Shining light in the dark
Title IX Office provides support to students, participates in national event
Brittney Wardlaw, the director of Liberty University’s Title IX Office – located in Green Hall 1830 – believes sexual sins and discrimination do occur, but that the Title IX Office is helping more people learn about these situations and the resources the university offers that can help prevent them.
“Title IX is an amendment that was passed in 1972 … that basically states that schools who receive federal funding are not allowed to discriminate on the basis of gender or sex,” Stephany Steger, the administrative assistant of the Title IX Office, said.
“People ask me all the time, ‘Do you get a lot of reports in your office?’” Wardlaw said.
“I would say the reports have grown. I think that where people are, that’s where sin will be and those things happen … but if people are more aware that they actually have support when they report this and they understand what’s going to happen when they report it, they feel more comfortable coming forward.”
Title IX offers a lot for students and faculty on campus, Steger said.
According to Wardlaw, the Title IX facilities are offered to everyone: students, faculty, both online and residential and visitors to campus as well.
According to Steger, Title IX offers educational opportunities and resources to victims of sexual violence, domestic violence, dating violence, sexual harassment, stalking and gender-based bullying as they work cooperatively with the Office of Community Life (formerly known as the Office of Student Conduct).
“We have a responsibility to stop, prevent and remedy any instances of discrimination harassment or violence or assault,” Wardlaw said.
According to Wardlaw, Liberty’s Title IX Office has been around for almost two years while a coordinator has been around for at least five years.
The office holds a total of six employees, and up until about a year ago, Wardlaw was the sole member of the office. This past July marks a full year of a Title IX Office staff.
“I’m primarily responsible for making sure Liberty is compliant with Title IX and that we are stopping, preventing and remediating sexual assault, sexual violence and sexual harassment,” Wardlaw said.
Wardlaw said she travels around campus to different athletic teams and departments to give presentations.
The presentation for freshmen and transfer students has become more robust, and professors have asked her to come speak in classes.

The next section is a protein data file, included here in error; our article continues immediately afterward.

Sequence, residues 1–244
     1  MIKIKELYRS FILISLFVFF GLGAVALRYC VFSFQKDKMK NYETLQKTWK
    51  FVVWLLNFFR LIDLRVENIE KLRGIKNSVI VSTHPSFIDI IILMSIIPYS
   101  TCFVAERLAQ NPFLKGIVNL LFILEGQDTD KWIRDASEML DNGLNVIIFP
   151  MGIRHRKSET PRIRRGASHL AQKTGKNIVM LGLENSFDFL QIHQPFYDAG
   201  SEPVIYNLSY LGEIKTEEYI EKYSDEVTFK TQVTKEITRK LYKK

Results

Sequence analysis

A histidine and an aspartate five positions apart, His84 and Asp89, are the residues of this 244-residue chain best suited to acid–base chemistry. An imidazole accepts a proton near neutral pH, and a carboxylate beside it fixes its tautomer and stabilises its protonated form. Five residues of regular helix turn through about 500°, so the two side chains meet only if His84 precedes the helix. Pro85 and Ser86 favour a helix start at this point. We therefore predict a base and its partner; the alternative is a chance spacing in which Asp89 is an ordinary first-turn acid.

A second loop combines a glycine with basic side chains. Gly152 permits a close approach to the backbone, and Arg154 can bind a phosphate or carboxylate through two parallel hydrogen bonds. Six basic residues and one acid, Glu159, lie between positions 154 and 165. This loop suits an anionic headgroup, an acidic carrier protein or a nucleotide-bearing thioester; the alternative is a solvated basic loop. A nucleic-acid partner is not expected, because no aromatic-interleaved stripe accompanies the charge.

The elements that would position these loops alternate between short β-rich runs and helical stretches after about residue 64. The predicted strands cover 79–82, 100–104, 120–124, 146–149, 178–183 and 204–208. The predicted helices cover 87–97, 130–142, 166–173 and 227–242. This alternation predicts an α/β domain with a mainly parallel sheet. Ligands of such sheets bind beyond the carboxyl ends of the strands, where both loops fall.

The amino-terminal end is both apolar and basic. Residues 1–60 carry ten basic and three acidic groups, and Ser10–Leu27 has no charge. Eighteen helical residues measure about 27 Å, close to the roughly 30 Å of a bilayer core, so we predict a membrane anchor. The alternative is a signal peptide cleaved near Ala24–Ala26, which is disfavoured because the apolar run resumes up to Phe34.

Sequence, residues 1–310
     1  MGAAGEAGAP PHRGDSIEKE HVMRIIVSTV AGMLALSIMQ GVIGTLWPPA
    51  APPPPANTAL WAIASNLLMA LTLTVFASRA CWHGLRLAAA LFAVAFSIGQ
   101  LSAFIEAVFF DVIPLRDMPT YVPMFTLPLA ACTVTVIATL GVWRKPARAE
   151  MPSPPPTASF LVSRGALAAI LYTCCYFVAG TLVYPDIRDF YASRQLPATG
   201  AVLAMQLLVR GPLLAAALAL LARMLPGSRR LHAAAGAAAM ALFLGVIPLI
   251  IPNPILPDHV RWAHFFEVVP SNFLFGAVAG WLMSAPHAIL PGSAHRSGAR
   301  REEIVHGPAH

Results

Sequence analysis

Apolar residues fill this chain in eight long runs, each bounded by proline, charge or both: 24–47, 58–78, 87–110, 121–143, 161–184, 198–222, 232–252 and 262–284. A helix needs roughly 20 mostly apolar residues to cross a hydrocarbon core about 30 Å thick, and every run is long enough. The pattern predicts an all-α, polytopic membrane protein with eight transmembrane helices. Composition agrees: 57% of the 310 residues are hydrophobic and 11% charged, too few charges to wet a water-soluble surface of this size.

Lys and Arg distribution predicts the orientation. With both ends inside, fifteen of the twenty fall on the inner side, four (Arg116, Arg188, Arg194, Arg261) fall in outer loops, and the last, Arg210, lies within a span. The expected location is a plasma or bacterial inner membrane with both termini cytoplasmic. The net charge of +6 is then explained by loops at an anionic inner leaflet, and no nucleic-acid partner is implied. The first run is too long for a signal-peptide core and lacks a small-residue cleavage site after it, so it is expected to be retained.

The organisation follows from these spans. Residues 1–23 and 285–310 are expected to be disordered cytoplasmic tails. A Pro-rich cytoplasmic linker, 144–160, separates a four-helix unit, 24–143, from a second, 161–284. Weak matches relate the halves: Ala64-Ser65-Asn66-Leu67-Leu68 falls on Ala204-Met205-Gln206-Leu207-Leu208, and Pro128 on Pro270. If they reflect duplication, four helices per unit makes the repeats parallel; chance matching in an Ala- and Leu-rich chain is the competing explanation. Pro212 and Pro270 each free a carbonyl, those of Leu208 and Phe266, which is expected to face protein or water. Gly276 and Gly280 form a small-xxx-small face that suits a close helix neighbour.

Wardlaw said various interim measures are offered if a student is facing something at home or on campus, such as the no-contact agreement, which states that neither party may have contact with the other.
The Title IX Office also provides housing changes for people in bad situations, as well as academic assistance such as tutoring or working with a professor for a student who is dealing with something outside the classroom.
A RAINNy day on campus.
A big part of what Title IX does for the students is prevention education where they raise awareness through different awareness campaigns, according to Wardlaw.
On Thursday, Sept. 15, the Title IX Office hosted its first Rape, Abuse & Incest National Network (RAINN) Day event on the Vines Center lawn.
Yellow umbrellas were lined along the lawn in a display to attract students and to offer emotional healing.
Sept. 15 marked the day that college campuses across the nation hosted national RAINN Day events in hopes of raising awareness of sexual violence on college campuses.
Prior to this event, the Title IX Office collaborated with Liberty men and women who are a part of Residence Life in decorating yellow umbrellas with words of hope, love, Scripture, and abstract art decorated on them.
Resident Assistant (RA) Christiana Johnson, and other female resident directors and RAs, took part in raising awareness about sexual assault.
“I firmly believe in the power of raising awareness about things such as rape and assault,” Johnson said. “I think it’s cool that Title IX is active, especially at a Christian campus, so that students can talk about it.”
Program Manager Lindsey Scott of the Sexual Assault Response Program of Central Virginia (SARP), which the Title IX Office partners with, informed students of the lack of exclusivity in sexual violence in regard to religion, sex or gender.
“Unfortunately, sexual assault is not going to be exclusive with who it happens to,” Scott said. “Christian girls are just as easily susceptible to it as non-Christians.”
Candy, pens, LED flashlights for those walking alone at night, and informational pamphlets were all available for students at the RAINN Day event.
Title IX intern Lori Mercer, who works as the office’s events coordinator for their victim advocacy and awareness projects, appreciated how engaged the students were on the desire to educate themselves on sexual violence.
“Students are engaged and asking us what our display is about and admiring them and thanking the Title IX Office for doing this event,” Mercer said.
Mercer also took pride in educating those that were not aware of what Title IX is.
“Some students may have even gotten our name wrong,” Mercer said. “Either way, we are here today to educate them, and let them know what all Title IX does … day in and day out to assist them.”
RAMEY is a feature reporter.
Williams is an opinion writer.